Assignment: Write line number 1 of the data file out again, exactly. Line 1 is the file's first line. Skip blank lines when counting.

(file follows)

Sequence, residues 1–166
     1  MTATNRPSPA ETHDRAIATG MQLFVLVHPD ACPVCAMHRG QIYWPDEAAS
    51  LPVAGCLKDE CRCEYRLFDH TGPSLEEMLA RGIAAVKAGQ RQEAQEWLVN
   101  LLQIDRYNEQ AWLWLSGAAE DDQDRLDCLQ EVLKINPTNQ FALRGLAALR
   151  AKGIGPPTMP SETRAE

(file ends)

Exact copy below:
Sequence, residues 1–166